“provide value-added, influential and outstanding financial services globally while modeling excellence in customer service, innovation, collaboration and education and training.”

These are talented folks. I’d personally like to invite a few to work some magic with my personal finances, but alas, they are busy serving Compassion’s mission to make sure that we are financially viable now and in the future to release children from poverty in Jesus’ name.

In Ministry Services, let’s take a quick look at the Global Strategy Office.

It is made up of the Office of Corporate Planning, the Global Project Office, Global Internal Communications and Business Enterprise Architecture. Intimidating sounding names, eh?

I thought so when first coming on board.

Well, Corporate Planning folks are essentially the mission-keepers. They work to ensure that “both the long-term (three to five years) and short-term plans (within the fiscal year) for Compassion and all Compassion domains are clearly aligned with the mission to release children from poverty in Jesus’ name and move Compassion closer to our envisioned future.”

Biz talk for they keep us on track. They connect our mission to measurable outcomes so we can know we are doing what we set out to do.

Mission. Budget. Organizational structure. There is a lot more to talk about with regard to these things, but I’ll leave us here for now.

Next time we can explore some of the other major business units or dive into a smaller division, like the Distribution Center, to finally figure out how all our child letters get in and out.

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  1. Becky
    Sep 16, 2009
    at 4:08 pm

    Thanks so much for continuing to let us sponsors learn more about how Compassion works in an expanded nutshell version so to speak. Personally, I find each of your installments intriguing and am glad someone gave you permission to write and post them!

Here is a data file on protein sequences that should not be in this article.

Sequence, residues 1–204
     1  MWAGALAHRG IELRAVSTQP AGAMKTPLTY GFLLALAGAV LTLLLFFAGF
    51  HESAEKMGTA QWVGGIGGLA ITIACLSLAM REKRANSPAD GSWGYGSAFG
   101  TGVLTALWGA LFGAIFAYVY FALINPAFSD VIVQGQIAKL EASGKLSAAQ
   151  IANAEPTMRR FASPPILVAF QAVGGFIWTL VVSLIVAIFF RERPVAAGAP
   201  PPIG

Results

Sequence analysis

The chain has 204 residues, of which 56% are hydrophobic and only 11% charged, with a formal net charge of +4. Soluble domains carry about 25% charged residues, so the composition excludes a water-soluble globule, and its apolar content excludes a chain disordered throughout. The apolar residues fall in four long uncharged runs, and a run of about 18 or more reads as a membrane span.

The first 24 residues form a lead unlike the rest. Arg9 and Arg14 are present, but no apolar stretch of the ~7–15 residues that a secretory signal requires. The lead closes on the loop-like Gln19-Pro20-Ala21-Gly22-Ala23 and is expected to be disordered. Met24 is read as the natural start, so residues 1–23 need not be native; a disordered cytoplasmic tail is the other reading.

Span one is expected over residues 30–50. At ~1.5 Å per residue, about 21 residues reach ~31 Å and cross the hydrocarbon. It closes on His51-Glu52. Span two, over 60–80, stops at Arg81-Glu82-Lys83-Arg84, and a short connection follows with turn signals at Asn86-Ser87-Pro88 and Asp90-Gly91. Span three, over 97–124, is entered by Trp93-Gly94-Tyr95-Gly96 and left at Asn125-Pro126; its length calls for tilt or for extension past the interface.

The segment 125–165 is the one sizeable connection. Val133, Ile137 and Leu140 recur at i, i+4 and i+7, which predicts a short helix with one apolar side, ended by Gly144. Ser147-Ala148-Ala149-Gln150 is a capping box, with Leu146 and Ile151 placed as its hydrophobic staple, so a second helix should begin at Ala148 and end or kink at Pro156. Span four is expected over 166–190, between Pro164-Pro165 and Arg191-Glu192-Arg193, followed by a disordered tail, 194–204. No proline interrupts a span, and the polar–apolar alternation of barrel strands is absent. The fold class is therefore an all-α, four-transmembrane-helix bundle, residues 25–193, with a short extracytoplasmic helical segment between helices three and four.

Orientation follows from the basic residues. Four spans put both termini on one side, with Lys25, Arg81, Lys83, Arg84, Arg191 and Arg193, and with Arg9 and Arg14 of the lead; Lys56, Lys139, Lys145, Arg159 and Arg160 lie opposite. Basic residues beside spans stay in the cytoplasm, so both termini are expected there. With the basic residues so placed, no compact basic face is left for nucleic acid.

2. Marci in MO
    Sep 16, 2009
    at 6:06 pm

    I agree with Becky! :)

  3. Emily
    Sep 16, 2009
    at 7:30 pm

    Good information to have – and I might add, that’s just what’s happening in Colorado Springs! Compassion International would be a much longer post.

    One small thought though… necessary organisational structures aside, I’d like to suggest (and maybe even Wess would suggest) that at the heart of Compassion is surely the children. They don’t factor on the organisational chart, but it’s all a bit pointless without them! The same could be said, of course, about Christ.

    Thanks again – looking forward to reading more nitty gritty!

  4. Amy Wallace
    Sep 16, 2009
    at 8:46 pm

    Can’t wait to hear about what happens with our letters!

  5. Sep 17, 2009
    at 1:41 am

    Is it possible to make the chart, “clickable,” so that one can get a better view of it?

  6. Sep 18, 2009
    at 9:46 am

    Very interesting! Thanks!

  7. Alexandra Watson
    Nov 14, 2010
    at 8:46 pm

    Thanks so much for this detailed information! I’m a Compassion child-sponsor and I’ve been looking all over the main website for info on how the organization is structured internally. Glad to find this info available to the public.

  8. Nov 14, 2010
    at 11:38 pm

    I remember Wess talking about the hierachy chart in the Dominican Republic. He mentioned that in Compassion we really have an upside down chart. In other words, the leadership is really at the bottom serving the others… I.e. the board serves Wess, who serves Dave Dahleen, who serves those four ministries and who serve….. which probably puts the sponsors on top in the partner countries (example Canada) and the children on top in the “country countries….” (example Bolivia) (I’m sure I got this term wrong!!!)

    Blessings, Kees